If you were in a pedestrian friendly city, where chunks of the city are like smaller more dense neighborhoods where work is just a 10 minute walk away, or at most a 10 minute train ride away, don't you think that would give you more time to enjoy the better things in life? Being an architect and an emerging urban designer, I realize these urban qualities, especially after analyzing the urban models of cities like Paris, Berlin, and Barcelona. The reason why these historical cities are so successful and have unfathonable perseverence is because of the density. They have their own ways of avoiding 'Sprawl', a term that cities like Los Angeles suffers from, because instead of growing vertically, it grows horizontally, feeding into the suburbian soils of the Valleys. Life in Europe, to me, seems to be a bit more enlightened because the average urban European spends more time outside of the vehicle walking from Point A to Point B. These individuals can enjoy the open air and burn those extra calories instead of sitting idol inhaling the exhaust and simmering heat of a traffic jam. This aspect of pedestrian transportation in the European life I greatly admire and I would like to aim towards if I ever become an urban planner or a liscened architect.

I'd rather prefer walking to the outdoor neighborhood market and go shopping down boulevards like Friedrichstrasse (Berlin), Las Ramblas (Barcelona), and Champs du Elissees (Paris), than getting stuck in block-like complexes such as shopping malls, parking structures, and K Marts. I understand that these elements can form the American way of life, and our history has made life here the way it is....It's unavoidable, and I know that it can be insulting for anyone to say that this makes American life dull, for who am I to be so biased? Coming from Los Angeles suburbia, I can see the advantages of American commercialism- Strip Malls, Grocery Store chains, and fast food restaurants- for they are important resources for society and a way of (and to make a) living.

I think there's hope for suburbia yet in terms of growth and development. Areas of densification are happening in portions of Los Angles (and LA County) such as Santa Monica 3rd Street Promenade, Colorado Boulevard- Old Town Pasadena, and smaller establishments such as The Village- Claremont. In these dense areas, there's life happening both in the day and at night and the spaces are highly desireable to just stroll and enjoy the urban fabric because it's safe. I believe that Downtown Los Angeles does not fall into this category because there is an unbalance between work and living spaces. There are more office/ work buildings than there are residential buildings on ground level, there are no grocery stores, sparce open green space (like parks), and the shopping areas and restaurants are not as successful as expected for a structurally dense area such a Downtown LA. Why is this? This is because the buildings are mostly occupied by workers outside of the city (such as the Inland Empire and Orange County areas where land is more affordable), and the people who do live in the city are the upper-working-class who retreat in sky scraper like buildings. At night, the city is deserted sans the homeless and the random vehicles that zoom down the empty streets at dangerous speeds.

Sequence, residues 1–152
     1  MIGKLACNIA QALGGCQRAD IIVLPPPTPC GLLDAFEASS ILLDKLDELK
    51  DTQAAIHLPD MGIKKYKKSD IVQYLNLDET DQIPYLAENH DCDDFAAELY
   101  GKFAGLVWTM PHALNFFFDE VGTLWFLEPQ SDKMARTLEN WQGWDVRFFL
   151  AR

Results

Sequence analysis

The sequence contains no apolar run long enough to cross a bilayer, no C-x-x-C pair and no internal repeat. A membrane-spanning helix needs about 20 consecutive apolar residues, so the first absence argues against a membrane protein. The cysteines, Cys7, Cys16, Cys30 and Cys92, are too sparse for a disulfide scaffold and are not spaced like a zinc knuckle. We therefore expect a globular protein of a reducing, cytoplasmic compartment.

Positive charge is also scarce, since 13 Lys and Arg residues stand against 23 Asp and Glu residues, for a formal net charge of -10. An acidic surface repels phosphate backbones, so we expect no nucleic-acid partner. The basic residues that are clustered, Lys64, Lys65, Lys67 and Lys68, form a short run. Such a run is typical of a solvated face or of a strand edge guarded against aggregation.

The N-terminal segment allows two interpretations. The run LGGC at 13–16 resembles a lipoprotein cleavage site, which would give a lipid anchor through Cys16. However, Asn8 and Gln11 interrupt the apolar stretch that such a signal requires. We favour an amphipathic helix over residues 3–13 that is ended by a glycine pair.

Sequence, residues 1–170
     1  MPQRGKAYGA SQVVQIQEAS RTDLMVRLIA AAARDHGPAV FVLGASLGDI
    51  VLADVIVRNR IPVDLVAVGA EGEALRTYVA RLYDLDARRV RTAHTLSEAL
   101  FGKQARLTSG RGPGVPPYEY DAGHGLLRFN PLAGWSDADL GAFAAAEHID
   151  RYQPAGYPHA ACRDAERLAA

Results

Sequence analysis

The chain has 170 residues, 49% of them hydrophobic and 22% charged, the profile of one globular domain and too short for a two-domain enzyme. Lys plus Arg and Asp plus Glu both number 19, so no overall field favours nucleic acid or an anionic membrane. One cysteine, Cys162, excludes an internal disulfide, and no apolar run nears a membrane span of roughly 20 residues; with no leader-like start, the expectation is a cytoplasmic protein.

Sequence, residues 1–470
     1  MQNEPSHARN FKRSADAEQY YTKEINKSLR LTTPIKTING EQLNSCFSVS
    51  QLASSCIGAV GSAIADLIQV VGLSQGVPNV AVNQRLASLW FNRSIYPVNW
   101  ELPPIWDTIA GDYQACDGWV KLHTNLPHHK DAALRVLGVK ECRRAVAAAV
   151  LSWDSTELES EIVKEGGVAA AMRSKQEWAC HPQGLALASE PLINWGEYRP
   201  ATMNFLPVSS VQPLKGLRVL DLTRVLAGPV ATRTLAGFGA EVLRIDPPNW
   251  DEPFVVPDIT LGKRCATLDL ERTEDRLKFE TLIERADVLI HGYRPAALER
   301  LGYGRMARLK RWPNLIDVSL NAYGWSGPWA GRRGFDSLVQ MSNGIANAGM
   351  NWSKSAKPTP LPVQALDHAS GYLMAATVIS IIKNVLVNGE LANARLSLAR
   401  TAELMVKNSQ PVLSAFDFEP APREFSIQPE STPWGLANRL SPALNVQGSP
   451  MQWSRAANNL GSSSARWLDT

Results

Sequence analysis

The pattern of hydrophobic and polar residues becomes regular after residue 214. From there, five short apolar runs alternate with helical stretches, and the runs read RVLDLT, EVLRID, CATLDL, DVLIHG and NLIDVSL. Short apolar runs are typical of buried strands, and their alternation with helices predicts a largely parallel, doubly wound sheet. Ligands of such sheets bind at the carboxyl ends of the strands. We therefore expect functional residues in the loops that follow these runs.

If one were to look at Downtown in a different perspective, the area is so dense with empty sky scrapers that during the evening, the ground floor transforms into a hazardous zone because the pedestrian level in Los Angeles is known to be home for those can't afford to live in expensive apartments and own vehicles- that which physically segregates the upper working class and impoverished. In that sense, "No one walks in LA." As for the upper-working-class, they spend their evenings either at home entertained with their desktops and/or cable televisions, or they're out in their vehicles stuck in evening traffic trying to get to places that ARE safer at night such as Hollywood, Santa Monica, and Pasadena, area where there is more safety in large numbers.

Taking this into perspective, the American model of an urban environment versus the European model is quite underdeveloped. Europe obviously has had more time to develop and densify itself over the last thousands of years with history to back up its culture, as opposed to America where we've only had the last 200 years to really have an opportunity to become the power we are today (with Los Angeles in particular, that's only had the last 100 years to develop into what it is now). Taking this into account that I am an architect and an aspiring urban planner, I could see there is much work to be done for the identity of America as being the country of the future. How can architects, urban planners, and engineers lead America to becoming better than it is now? What are their responsibilities? What are potential solutions to some of our vehicle/pedestrian issues? How do we make the average American walk again? One thing is for sure, I am not going to overlook these issues and design a building just so that it looks cool and is a self-actualization of my ego. That is selfish and unrealistic, for no building can be successful if it's designed because I simply "...wanted it to look that way.", "Bigger is better", and because "I think it's better that way." I am going to design according to sustainability, and that which will persevere throughout history and give a sense of identity in the community it connects itself with. Traveling abroad has taught me these values- that going back to the historical lands of civilization will teach us where humanity has made mistakes and where humanity has been successful. Then, we must take it back to America as a second chance to improve and create that balance we all strive for.

Thank you and much love,
Lesley Ann